Responding to fears that out-of-town owners will change the ethos of the Chicago Reader and Washington City Paper, Ben Eason tells the St. Petersburg Times that he doesn't want to make any major changes, because the papers "are already at the top of their game." He says his goal with the new six-paper chain is to create "a national platform, national quality technology, that features local content." Creative Loafing also doesn't "have a mandate to share editorial," according to Eason. "If you put your efficiency hat on, could one film reviewer do the same job for everybody? Perhaps, but that connection to film and the local community is something I'm proud of."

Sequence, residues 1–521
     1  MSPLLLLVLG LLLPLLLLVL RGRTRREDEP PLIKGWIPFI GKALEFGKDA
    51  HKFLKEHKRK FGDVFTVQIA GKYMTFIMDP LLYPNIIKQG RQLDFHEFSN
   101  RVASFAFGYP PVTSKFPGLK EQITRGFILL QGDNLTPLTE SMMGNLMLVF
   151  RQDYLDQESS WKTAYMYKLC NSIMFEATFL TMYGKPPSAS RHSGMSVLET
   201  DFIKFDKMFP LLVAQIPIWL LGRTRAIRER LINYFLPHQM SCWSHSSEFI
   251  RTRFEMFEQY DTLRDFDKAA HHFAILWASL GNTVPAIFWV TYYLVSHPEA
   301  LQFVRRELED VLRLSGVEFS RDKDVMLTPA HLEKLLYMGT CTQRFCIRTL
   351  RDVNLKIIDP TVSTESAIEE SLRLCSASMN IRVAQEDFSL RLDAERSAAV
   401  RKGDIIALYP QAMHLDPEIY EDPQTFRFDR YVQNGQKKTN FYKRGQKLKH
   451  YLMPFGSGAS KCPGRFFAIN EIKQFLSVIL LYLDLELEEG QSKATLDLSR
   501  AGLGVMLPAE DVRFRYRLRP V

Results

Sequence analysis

Continue ReadingCreative Loafing CEO on New Papers: ‘Why Would You Change Anything?’

The columnist and Creative Loafing shareholder says his company's acquisition of the Chicago Reader and Washington City Paper is neither an "idealistic foray" nor a "hostile takeover of independent papers." The way Sugg sees it, the two papers were caught up in a "broader crisis in the publishing business" that their former owners weren't nimble enough to navigate. He also defends CEO Ben Eason, who hasn't exactly been welcomed with open arms in Chicago and Washington. "He believes alt-weeklies can help readers strengthen their communities," says Suggs. "Eason loves to see controversy in his newspapers. He admits mistakes, takes risks and has an ambitious vision for new media. His lieutenants often disagree with him; he listens ... sometimes."